Cinnamon – Dale’s Daily Data
It’s hard to resist the smell of cinnamon. It’s one of those aromas that you never confuse with anything else. Is there anybody that doesn’t like the smell of cinnamon?
Cinnamon is native to what is now Sri Lanka. Cinnamon is actually a tree and cinnamon sticks are rolled up pieces of the bark. The smell of cinnamon comes from an oil in the tree called cinnamonaldehyde.
Ancient Egyptians used it for embalming. It was also used for preserving meat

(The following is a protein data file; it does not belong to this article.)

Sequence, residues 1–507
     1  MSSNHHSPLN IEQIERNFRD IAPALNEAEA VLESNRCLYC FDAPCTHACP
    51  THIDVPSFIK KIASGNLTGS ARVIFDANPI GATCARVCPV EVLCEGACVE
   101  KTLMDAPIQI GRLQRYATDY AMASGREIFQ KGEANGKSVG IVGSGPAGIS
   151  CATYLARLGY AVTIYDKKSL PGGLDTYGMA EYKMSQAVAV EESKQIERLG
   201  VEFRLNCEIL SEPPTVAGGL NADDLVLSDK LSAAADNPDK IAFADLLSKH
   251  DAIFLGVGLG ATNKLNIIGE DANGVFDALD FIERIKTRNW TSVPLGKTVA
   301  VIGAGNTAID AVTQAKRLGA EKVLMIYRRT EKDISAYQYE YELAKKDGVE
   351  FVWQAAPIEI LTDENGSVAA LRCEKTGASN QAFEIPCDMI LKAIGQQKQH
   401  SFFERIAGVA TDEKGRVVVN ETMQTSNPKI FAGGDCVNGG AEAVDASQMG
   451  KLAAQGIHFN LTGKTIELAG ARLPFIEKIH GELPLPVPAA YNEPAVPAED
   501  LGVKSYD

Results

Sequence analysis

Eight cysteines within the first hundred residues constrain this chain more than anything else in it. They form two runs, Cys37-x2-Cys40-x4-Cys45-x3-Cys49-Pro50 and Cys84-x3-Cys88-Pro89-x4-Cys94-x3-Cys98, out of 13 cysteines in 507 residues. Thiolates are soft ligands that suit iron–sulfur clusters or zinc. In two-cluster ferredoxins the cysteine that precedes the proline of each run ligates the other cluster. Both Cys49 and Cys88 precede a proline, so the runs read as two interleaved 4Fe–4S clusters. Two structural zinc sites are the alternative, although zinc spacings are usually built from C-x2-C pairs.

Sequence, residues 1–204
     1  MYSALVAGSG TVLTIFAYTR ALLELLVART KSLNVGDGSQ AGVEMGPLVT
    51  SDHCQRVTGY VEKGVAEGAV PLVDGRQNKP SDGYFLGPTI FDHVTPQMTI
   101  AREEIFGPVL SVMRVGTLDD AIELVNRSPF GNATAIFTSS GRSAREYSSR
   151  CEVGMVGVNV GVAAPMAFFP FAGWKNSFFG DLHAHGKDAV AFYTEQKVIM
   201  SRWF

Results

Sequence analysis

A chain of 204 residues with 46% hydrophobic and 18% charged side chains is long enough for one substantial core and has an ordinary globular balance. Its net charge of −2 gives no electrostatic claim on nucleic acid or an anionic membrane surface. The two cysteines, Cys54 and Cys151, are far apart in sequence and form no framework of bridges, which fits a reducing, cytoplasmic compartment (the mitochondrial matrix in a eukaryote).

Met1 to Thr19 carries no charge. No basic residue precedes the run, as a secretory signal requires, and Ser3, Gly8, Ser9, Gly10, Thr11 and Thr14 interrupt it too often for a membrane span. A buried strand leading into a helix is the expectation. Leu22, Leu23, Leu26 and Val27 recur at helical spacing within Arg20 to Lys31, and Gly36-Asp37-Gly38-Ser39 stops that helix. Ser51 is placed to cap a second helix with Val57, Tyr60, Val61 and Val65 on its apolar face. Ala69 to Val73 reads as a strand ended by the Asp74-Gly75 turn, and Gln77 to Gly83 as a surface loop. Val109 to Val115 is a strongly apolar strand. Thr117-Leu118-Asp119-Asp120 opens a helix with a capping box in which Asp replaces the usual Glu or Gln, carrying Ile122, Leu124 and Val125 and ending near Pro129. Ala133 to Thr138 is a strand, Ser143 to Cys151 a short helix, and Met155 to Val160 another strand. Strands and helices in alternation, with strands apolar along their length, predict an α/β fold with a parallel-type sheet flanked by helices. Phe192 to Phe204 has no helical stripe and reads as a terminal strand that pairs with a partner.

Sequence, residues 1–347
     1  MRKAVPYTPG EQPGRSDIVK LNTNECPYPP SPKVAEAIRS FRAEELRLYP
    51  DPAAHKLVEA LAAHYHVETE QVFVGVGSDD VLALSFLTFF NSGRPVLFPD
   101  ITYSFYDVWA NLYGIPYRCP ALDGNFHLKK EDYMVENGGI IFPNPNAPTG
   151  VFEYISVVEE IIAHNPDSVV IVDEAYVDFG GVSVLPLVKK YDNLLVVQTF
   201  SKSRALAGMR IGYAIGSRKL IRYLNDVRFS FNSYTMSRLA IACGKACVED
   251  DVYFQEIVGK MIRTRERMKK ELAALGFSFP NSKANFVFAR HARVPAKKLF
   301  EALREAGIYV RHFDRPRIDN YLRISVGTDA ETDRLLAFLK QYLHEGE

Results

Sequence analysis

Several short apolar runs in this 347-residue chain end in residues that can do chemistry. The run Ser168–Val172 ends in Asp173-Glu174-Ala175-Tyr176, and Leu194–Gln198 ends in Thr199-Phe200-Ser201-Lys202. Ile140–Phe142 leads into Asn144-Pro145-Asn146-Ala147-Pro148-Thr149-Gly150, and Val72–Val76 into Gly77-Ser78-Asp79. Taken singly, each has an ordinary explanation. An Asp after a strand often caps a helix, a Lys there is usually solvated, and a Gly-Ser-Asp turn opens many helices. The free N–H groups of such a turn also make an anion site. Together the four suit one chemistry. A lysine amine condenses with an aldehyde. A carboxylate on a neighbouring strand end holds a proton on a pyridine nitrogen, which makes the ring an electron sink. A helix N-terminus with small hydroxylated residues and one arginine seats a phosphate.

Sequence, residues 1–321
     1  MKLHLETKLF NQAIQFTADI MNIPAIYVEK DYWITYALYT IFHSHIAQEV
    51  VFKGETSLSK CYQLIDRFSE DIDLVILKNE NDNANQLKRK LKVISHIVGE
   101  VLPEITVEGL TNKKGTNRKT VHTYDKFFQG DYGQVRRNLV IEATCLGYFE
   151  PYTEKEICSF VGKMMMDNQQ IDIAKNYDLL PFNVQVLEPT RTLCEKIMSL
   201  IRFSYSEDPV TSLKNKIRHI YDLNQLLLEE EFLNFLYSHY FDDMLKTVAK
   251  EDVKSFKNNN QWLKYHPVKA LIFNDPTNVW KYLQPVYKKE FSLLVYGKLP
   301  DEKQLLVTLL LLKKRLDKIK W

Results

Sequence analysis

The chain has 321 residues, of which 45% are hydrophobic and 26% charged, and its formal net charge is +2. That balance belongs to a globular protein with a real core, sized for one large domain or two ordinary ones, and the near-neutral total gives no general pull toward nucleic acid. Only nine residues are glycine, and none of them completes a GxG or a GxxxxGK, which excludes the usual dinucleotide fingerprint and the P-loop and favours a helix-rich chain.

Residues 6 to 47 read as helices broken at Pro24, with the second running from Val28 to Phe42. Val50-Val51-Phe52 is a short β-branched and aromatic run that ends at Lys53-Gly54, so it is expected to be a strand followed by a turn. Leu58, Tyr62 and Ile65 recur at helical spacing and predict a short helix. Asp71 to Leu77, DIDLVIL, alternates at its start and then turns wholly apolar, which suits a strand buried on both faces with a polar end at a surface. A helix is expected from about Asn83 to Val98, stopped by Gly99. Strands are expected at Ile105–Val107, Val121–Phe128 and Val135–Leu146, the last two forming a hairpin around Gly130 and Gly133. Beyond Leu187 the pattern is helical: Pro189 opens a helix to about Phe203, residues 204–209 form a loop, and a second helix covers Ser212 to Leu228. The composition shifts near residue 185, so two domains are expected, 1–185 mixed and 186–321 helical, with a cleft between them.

From the word cannon, Italians called it canella meaning little tube.
Doctors in the middle ages used it as a treatment for coughs and sore throat. Some doctors today use it to control blood sugar levels in diabetic patients.
At one time cinnamon was considered one of the most valuable substances on earth. In the first century A.D. it was 15 times the value of silver.
The Dutch and the Portuguese fought a war in the 17th century in present day Sri Lanka over cinnamon.
When other countries around the world with similar climates found out they too could grow cinnamon trees, the monopoly and its value fell. Today it’s grown in most tropical climates in the South Pacific, the West Indies and in South America.